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Ladies and gentlemen, the (mostly) graduating class of 2008

By PAUL BALCERAK

Staff writer

High school graduations have reputations for being long and drawn out, but the debate on who should be allowed to participate in them is taking even longer.

The Central Kitsap School District is currently trying to find common ground on the issue of whether or not seniors who have not met certain graduation requirements should be allowed to walk at June commencement ceremonies.

The issue most recently reared its head during a school board study session Wednesday night, but is still far from being settled.

Katharine Gleysteen, CKSD executive director of secondary teaching and learning, put forward a plan that would allow students who completed portions of the current grad requirements (see gray box) to walk at this year’s commencement ceremonies.

The plan has the approval of Superintendent Greg Lynch and all of CKSD’s high school and secondary school principals, Greysteen said.

“We think that this should be a one-time exception,” she said. “The (graduation) program almost always has students who didn’t make it.”

That recommendation has board members divided over how non-grads should be treated in the context of commencement ceremonies.

The debate finds its origin in the fact that this year’s graduating class is facing grad requirements that have been increased and altered from years past.

Specifically added to the list of grad requirements for this year is an extra half credit in fine arts study, a culminating project, a high school and beyond plan and passage of the reading and writing portions of the Washington Assessment of Student Learning (WASL).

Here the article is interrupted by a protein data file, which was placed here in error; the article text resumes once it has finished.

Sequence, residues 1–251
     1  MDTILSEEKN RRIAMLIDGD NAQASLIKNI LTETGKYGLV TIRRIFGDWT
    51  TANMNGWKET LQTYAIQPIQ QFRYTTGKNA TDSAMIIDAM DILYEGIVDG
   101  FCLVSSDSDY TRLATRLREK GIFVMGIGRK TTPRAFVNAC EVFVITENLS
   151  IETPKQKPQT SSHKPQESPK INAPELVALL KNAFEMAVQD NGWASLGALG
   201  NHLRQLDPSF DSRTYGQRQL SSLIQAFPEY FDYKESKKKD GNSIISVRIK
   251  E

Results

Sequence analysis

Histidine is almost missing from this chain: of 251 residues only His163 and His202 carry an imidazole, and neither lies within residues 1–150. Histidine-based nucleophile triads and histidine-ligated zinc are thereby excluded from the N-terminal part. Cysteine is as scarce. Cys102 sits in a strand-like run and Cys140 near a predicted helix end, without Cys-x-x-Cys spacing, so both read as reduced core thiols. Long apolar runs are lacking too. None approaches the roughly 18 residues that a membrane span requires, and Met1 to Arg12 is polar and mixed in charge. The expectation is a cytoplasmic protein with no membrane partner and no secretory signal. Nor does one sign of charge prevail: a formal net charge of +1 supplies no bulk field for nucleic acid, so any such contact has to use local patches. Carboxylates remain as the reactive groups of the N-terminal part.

The changes are statewide and CKSD is not the only district dealing with them.

“Everyone in the state is going through struggles right now,” Gleysteen said.

Further complicating matters for CKSD is Procedure 2410P, a district board policy stating that students have to meet grad requirements to participate in graduation ceremonies. It sounds cut and dry enough, but it does allow for exceptions.

“Principals may waive graduation requirements provided that ‘minimum state course and credit requirements are met and the student passes a full schedule of classes as a senior,’” according to a presentation by Gleysteen at Wednesday’s meeting.

Another exception, Kevin’s Law, RCW 28A.155.170, provides special education students with the opportunity to walk at commencement ceremonies. The only caveats are that the student is enrolled in a individualized education program and that he or she will continue in such a program between the ages of 18 and 21.

Kevin’s Law trumps school district policy, however, meaning that the current debate is geared toward the more than 200 students currently lagging in grad requirements.

The board first broached the issue of whether to let such students walk more than a month ago at a Feb. 13 meeting.

Board members Chris Stokke and Christy Cathcart clashed at that meeting in a rare display of adamant disagreement. Stokke argued in favor of an exception, while Cathcart said grad requirements should remain strict.

The argument revealed the fissures in the district, in regard to the issue, that reappeared on Wednesday.

Stokke again stated his opposition to an absolutist viewpoint, suggesting the district didn’t do enough to inform students at risk of not graduating of the requirement changes.